Levy on intermediate group power

Associations and groups that are substantial enough to fulfill needs for belonging and meaning, powerful enough to check the power of the state or to organize democratic life, or institutionally complete enough to offer authoritative norm-generation for their members, are also substantial, powerful, and authoritative enough to potentially threaten the freedom of their members.  That is, it is not just an unfortunate accident that groups come with features that, from a liberal perspective, are both good and bad.

The point is partly an intergenerational one.  Recall from the previous chapter the idea that inequalities of outcomes in one generation becomes inequalities of opportunity in the next and its analog: free associations in one generation become inherited ways of life in the next.  This is a necessary truth; children are born into particular times and places and social worlds that have been shaped by the choices their parents have made. This does not simply mean that the parents were free and the children were not; it was also true of the parents that they were born into particular times and places and social worlds.  If the parents had some freedom to reshape their worlds in partially original ways, to join or form groups into which they were not born, then the children also have some such freedom.  But there could be a narrowing over time; parents can join groups or adopt ways of life that leave their children with fewer choices than they themselves had.

But the point is only partly intergenerational.  It is, more simply, a point about power, even within one generation.  Robert Michels taught us that ‘who says organization, says oligarchy’.  That could suffice as a statement of the problem, but I propose to instead frame it as: whoever says authority, says power – and whoever says organization, says authority.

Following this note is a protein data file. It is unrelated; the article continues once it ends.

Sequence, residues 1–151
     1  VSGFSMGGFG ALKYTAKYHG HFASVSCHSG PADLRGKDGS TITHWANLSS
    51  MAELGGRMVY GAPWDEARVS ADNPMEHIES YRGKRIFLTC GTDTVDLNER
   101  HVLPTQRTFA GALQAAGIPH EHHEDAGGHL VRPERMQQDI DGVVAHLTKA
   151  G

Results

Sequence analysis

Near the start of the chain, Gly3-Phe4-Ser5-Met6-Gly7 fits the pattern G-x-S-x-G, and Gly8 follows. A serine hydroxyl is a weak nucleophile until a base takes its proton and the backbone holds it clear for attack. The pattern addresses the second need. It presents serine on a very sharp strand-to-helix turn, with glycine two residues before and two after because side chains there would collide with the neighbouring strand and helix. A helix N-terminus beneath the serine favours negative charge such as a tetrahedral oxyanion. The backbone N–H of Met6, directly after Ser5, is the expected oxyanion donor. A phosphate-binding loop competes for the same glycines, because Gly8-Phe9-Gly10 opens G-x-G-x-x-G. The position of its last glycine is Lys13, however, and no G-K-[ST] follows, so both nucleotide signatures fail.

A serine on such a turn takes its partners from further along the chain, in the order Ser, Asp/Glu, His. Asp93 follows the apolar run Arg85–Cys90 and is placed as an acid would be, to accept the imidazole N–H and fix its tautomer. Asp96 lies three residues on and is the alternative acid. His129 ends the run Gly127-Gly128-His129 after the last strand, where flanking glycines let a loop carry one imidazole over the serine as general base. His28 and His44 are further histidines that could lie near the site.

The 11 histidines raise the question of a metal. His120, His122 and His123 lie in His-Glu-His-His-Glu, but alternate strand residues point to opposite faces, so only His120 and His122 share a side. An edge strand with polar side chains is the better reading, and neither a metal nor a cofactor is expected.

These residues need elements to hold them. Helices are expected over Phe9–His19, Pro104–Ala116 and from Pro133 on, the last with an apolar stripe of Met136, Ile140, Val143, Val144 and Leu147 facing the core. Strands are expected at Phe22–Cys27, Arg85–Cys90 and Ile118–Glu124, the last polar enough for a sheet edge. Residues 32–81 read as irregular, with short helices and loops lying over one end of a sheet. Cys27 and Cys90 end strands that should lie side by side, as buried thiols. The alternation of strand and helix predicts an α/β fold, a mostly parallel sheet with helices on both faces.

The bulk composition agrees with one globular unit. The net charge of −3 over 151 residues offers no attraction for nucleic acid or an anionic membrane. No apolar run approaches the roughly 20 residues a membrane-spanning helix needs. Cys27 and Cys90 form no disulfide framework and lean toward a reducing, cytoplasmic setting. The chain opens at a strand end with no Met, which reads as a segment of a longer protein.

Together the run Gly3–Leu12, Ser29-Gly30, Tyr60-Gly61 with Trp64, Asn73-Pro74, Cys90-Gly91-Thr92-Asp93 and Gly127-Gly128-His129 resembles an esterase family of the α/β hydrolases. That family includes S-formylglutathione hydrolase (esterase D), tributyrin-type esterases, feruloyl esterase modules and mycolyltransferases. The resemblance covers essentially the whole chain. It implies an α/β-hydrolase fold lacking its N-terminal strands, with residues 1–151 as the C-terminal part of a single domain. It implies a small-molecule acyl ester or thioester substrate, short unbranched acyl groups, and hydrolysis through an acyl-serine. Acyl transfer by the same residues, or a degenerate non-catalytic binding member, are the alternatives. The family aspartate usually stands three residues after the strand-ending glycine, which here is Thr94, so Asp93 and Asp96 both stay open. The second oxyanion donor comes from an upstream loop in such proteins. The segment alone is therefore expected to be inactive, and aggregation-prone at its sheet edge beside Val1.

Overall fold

Jacob Levy, Rationalism, Pluralism and Freedom, p. 71

Alinsky on doubt, compromise, and the letter of the law

I detest and fear dogma.  I know that all revolutions must have ideologies to spur them on.  That in the heat of conflict these ideologies tend to be smelted into rigid dogmas claiming exclusive possession of the truth, and the keys to paradise, is tragic.  Dogma is the enemy of human freedom. Dogma must be watched for and apprehended at every turn and twist of the revolutionary movement. The human spirit glows from that small inner light of doubt whether we are right, while those who believe with complete certainty that they possess the right are dark inside and darken the world outside with cruelty, pain, and injustice.  Those who enshrine the poor of Have-Nots are as guilty as other dogmatists and just as dangerous.  To diminish the danger that ideology will deteriorate into dogma, and to protect the free, open, questing, and creative mind of man, as well as to allow for change, no ideology should be more specific than that of America’s founding fathers: ‘For the general welfare’.  (p. 4)

 

A free and open society is an on-going conflict, interrupted periodically by compromises – when then become the start for the continuation of conflict, compromise, and on ad infinitum.  Control of power is based on compromise in our Congress and among the executive, legislative, and judicial branches. A society devoid of compromise is totalitarian. If I had to define a free and open society in one word, the word would be ‘compromise’.  (p. 59)

 

No organization, including organized religion, can live up to the letter of its own book.  You can club them to death with their ‘book’ of rules and regulations. That is what the great revolutionary, Paul of Tarsus, knew when he wrote to the Corinthians: “Who also hath made us able ministers of the New Testament; not of the letter, but of the spirit; for the letter killeth.”  (p. 152)

All quotes taken from Rules for Radicals.

Civic Virtue and the Profit Motive

In an article about Milton Friedman in the Pacific Standard, Rick Paulas quotes from an article of Friedman’s published in 1970:

There is one and only one social responsibility of business – to use its resources and engage in activities designed to increase its profits so long as it stays within the rules of the game, which is to say, engages in open and free competition without deception or fraud

The phrase “rules of the game” immediately caught my eye, as it did Paulas’: